Expo Line riders have gotten to know their fellow commuters a little too well over the past three months.

In August, the Los Angeles County Metropolitan Transportation Authority cut two Expo Line trains per hour during peak commute hours. The decision forced riders to pack themselves onto trains shoulder-to-shoulder or miss trains entirely if they couldn’t squeeze into a gap in the proverbial sardine can.

“It’s been a nightmare,” said Rachel Salinas, who commutes from Long Beach to Downtown Santa Monica via the Blue Line and the Expo Line. “It puts me in a bad mood. There are too many people hitting me with their purses and bags, and I see how people have to struggle to get off at their stops.”

Officials said the service reductions were intended to make the Expo Line run on time. But after riders took to social media to sound off about overcrowding, Metro announced earlier this month that it would restore Expo Line service to its previous frequency.

Starting Monday, riders will be able to catch trains every six minutes instead of every eight minutes. Rush hour service will also be extended past 7 p.m. in response to growing ridership in the early evening.

Officials previously restored service during peak-of-peak hours in September, adding trains between 6:30 and 7:30 a.m. and 5 and 6 p.m.

“Expo Line riders complained about overcrowding,” Metro spokesperson Steve Hymon wrote in a post on Metro’s blog, The Source. “Metro responded by adding some trains during (peak-of-peak) and is now returning to the former peak hour schedule.”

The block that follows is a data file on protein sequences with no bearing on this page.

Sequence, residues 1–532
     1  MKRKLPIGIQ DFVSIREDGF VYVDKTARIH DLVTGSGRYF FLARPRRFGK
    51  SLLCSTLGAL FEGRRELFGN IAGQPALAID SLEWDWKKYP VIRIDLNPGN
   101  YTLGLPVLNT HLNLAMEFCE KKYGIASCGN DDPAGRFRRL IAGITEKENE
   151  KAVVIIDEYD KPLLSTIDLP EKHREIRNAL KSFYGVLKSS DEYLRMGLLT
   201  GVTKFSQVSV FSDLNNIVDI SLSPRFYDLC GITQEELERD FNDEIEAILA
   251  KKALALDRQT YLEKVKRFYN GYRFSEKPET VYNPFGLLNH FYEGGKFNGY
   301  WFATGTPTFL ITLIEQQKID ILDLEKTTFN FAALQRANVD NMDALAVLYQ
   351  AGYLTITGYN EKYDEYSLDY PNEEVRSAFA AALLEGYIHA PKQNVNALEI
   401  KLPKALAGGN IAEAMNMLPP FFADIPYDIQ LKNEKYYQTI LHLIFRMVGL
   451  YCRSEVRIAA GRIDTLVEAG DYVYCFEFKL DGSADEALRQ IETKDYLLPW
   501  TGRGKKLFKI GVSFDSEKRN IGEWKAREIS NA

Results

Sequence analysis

More frequent service is intended to ensure that all riders can board any given train during peak hours, said Metro spokesperson Anna Chen. That doesn’t mean everyone will be able to find a seat, she said.

“Not being able to sit down does not equal too crowded,” Chen said. “We’re a mass transit agency in the second-largest metro area in the nation. We want a train that carries more people than just the number of seats.”

Metro also cut service on the Blue Line, but the change did not cause the overcrowding that riders experienced on the Expo Line because the northern half of the Blue Line was closed this summer. It will resume full service between Downtown Los Angeles and Long Beach Saturday and trains will run every six minutes starting Monday.

The Expo Line carries about 60,000 riders each day and exceeded its 2030 ridership goals just one year after it was extended to Santa Monica in 2016. But ridership across Metro’s rail system has fallen 3% since then, and riders say that cutting service on the Expo Line or other rail lines may deter the potential passengers Metro hopes to court — car commuters.

“It’s definitely been uncomfortable, and I think if someone tries to start riding the train, it could cause them to go back to driving,” said Ryan Axel, who frequently rides the Expo Line in the early morning.

Salinas said she thinks once trains start running every six minutes, more Westside commuters will opt for the Expo Line to avoid high gas prices and traffic.

“I’m just glad I don’t have to deal with driving here from Long Beach,” she said. “(The overcrowding) was the only negative thing about my commute.”


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  1. Last night I was on the train at peak of peak rush hour…and there was a Galaxe game. We were packed in so tight no one could get on the train and touching in all kinds of uncomfortable ways.

    Whoever is managing LA metro should be forced to try to fit themselves into that train and then still have to justify denying returning to previous levels of service.

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